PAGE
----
Brewery Arcade

From Ohio History Central

The Brewery Arcade is a business building in Portsmouth, Ohio.

Built in 1842, the building that is now known as the Brewery Arcade was originally the Portsmouth Brewery. This company struggled during its first five decades. In 1888, the company employed only eight people. In 1889, Julius Esselbom, a German brewer, purchased the company, and the firm grew quickly. Esselbom expanded the original plant and also ordered the construction of an ice house to the rear of the brewery. By 1904, the Portsmouth Brewery was producing twenty thousand barrels of beer per year. With the enactment of Prohibition in 1919, like many of Ohio's other breweries, the Portsmouth Brewery closed. The Scioto County sheriff sold the company's building and its possessions at an auction in 1930, due to the owners' failure to pay taxes. The new owner eventually sold the brewing vats to another brewery in Cincinnati, Ohio.

As is typical when businesses close, a new firm soon occupied the former Portsmouth Brewery building. Since the Portsmouth Brewery's closure, an automobile dealership, a parts store, and a beverage distributor have all occupied the building. In 1976, new owners remodeled the building and renamed it the Brewery Arcade. An arcade consists of several small stores. In essence, the building became a small mall. At the time of this writing, one of the businesses located in the Brewery Arcade is Mault's Brew Pub. This restaurant also brews its own beer, as did the building's original occupant.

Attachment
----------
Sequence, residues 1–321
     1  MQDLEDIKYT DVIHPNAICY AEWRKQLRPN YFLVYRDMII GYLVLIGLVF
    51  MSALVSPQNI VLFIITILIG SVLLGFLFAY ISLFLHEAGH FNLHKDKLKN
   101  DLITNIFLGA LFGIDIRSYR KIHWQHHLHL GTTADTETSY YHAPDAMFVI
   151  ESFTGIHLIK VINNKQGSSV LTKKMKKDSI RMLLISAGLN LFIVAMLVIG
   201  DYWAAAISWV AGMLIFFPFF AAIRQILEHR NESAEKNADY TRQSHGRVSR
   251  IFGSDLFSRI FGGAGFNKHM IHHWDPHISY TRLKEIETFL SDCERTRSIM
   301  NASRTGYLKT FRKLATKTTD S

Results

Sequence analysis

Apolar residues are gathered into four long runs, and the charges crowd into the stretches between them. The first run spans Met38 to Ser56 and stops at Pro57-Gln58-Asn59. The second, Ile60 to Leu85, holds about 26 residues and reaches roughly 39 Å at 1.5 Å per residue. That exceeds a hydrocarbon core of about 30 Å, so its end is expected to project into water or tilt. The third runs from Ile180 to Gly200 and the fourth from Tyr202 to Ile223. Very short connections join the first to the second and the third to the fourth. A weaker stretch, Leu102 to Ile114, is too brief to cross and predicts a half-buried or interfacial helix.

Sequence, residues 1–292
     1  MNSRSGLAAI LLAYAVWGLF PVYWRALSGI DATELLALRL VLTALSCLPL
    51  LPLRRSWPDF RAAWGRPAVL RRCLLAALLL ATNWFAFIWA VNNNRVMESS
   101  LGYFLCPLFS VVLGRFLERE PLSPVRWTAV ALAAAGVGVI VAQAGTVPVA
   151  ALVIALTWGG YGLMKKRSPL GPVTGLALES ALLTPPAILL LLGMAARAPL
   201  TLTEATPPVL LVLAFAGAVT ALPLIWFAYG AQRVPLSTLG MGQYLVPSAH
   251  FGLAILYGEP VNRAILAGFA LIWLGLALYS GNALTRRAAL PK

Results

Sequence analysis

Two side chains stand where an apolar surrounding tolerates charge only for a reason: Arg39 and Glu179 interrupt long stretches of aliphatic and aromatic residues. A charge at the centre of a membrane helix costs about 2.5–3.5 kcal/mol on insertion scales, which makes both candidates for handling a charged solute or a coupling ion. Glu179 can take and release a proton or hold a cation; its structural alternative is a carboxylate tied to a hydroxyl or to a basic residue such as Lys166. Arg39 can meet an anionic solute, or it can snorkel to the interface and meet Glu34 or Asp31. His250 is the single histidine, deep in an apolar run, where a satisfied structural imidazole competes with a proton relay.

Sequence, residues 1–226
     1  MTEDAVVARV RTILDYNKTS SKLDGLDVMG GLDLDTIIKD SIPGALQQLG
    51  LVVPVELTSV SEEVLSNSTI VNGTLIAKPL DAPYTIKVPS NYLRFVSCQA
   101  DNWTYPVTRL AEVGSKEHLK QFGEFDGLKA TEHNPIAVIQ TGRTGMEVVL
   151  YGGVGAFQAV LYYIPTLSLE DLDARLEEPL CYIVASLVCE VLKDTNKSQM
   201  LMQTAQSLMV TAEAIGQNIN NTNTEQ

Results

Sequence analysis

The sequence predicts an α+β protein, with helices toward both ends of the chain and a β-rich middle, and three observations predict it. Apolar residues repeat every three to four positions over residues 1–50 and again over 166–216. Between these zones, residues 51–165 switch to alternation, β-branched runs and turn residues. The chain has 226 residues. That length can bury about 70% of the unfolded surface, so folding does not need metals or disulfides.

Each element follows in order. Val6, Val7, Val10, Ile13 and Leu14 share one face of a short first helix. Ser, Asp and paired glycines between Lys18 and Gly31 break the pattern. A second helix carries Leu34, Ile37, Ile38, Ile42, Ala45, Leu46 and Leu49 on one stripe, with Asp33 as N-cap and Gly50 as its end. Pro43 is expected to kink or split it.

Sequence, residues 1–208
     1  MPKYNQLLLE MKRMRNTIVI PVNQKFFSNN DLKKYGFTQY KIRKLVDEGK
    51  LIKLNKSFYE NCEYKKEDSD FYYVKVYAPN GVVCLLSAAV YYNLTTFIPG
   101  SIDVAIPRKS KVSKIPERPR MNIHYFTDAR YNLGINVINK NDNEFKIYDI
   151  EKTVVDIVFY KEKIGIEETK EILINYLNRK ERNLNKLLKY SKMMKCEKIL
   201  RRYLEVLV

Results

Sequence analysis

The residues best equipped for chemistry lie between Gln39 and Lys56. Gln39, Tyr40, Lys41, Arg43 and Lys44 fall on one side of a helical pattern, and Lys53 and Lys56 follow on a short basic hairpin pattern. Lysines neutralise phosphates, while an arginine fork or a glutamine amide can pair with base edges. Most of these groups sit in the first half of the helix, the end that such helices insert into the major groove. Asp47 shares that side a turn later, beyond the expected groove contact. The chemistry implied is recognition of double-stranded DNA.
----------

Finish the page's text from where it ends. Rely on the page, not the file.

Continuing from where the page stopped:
The Brewery Arcade helped instigate a period of economic growth in the western part of Portsmouth. The western area declined during the early and mid twentieth century, as businesses moved to the northern and eastern sections of Portsmouth, but in recent years, Boneyfiddle, the name of the western part of the city, has experienced a period of growth. Residents have repaired homes and businesses. Restaurants and antique stores have moved into this portion of Portsmouth. The area has also seen increased tourism traffic, partly due to the antique stores and other businesses, as well as the historic architecture of the buildings.

See Also


  1. "Breweries Once Flourished in Portsmouth." Portsmouth Daily Times. 23 July 1995.  
  2. Howe, Henry. Historical Collections of Ohio in Two Volumes. Vol. II. Cincinnati, OH: C.J. Krehbiel & Co., Printers and Binders, 1902.
  3. Ohio Writers' Project. The Ohio Guide. New York, NY: Oxford University Press, 1946.